Mass General algorithm optimizes EHR data for predictive analytics

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Massachusetts General Hospital researchers have found a way to maximize patient information in EHRs to predict likelihood of developing diseases.

The study, published in Cell Patterns, details how researchers used machine learning to track patients' medical records over time and proposed an algorithm for exploiting the temporal information in EHRs for predictive analytics. The algorithm connects EHR information about patients' medications and diagnoses over time instead of based on independent health records to compute the likelihood that patients could have an underlying disease.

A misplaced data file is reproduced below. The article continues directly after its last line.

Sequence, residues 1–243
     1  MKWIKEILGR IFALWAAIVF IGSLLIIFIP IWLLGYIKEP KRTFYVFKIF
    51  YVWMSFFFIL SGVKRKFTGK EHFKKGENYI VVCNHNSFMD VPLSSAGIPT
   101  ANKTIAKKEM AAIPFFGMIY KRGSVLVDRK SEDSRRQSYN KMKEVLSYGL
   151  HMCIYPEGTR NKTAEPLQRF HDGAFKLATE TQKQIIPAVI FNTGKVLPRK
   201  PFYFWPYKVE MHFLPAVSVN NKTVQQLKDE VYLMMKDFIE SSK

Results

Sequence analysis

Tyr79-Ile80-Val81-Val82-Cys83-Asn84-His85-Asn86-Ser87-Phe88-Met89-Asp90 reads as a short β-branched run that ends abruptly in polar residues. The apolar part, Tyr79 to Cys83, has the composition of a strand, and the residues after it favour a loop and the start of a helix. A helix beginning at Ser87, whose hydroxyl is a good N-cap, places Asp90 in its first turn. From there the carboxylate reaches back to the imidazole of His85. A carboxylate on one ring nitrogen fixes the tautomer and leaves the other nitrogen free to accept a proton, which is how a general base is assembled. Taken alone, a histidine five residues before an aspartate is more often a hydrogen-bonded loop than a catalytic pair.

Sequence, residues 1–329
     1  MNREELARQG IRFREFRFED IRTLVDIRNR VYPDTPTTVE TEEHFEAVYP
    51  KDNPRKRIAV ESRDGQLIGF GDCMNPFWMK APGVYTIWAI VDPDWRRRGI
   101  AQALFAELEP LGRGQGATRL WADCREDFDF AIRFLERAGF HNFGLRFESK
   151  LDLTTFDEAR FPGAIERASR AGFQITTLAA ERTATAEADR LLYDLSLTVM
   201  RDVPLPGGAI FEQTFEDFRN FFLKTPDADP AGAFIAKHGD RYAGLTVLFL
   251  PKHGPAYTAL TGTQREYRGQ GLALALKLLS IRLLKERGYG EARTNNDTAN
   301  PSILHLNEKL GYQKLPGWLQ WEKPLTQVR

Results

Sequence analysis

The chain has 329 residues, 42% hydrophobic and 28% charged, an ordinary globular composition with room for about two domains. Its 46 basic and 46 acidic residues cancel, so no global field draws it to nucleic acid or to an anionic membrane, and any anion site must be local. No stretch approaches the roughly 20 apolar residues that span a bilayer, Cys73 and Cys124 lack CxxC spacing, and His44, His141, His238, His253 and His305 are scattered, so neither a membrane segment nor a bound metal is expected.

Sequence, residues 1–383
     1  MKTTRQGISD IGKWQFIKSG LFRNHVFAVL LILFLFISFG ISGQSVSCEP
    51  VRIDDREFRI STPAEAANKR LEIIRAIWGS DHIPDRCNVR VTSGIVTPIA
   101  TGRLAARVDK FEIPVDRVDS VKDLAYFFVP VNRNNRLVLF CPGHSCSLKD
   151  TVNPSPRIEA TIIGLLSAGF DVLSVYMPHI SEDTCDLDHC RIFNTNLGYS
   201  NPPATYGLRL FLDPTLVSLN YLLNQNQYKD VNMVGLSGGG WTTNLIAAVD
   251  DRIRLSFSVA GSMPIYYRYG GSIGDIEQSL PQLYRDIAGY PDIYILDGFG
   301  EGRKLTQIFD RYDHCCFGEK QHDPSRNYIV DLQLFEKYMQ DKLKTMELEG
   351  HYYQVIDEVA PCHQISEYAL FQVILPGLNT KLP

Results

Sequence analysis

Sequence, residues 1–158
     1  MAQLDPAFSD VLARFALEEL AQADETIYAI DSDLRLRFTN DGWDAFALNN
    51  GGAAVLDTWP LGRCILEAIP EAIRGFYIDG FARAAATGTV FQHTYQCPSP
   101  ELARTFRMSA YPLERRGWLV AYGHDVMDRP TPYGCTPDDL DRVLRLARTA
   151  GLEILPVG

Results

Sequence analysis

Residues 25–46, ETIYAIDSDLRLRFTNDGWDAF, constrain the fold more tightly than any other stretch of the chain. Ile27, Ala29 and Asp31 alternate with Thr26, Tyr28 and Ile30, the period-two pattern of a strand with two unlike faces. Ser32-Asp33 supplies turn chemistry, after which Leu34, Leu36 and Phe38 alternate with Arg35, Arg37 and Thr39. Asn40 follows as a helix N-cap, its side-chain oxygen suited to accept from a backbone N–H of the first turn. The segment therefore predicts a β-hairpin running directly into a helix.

"Our study doesn't rely on single diagnostic codes but instead relies on sequences of codes with the expectation that a sequence of relevant characteristics over time is more likely to represent reality than a single element," said Hossein Estiri, PhD, of the Mass General Laboratory of Computer Science and lead author of the study. "Additionally, the computer sorts through thousands of patients and can find sequences that a physician would likely never identify on their own as relevant, but actually are associated with the disease."

For example, information in the medical record indicating patients had coronary artery disease followed by chest pain could predict heart failure development. Clinicians can also use the algorithm to identify disease markers, which could be a step toward developing computational models for identifying and validating new disease markers.

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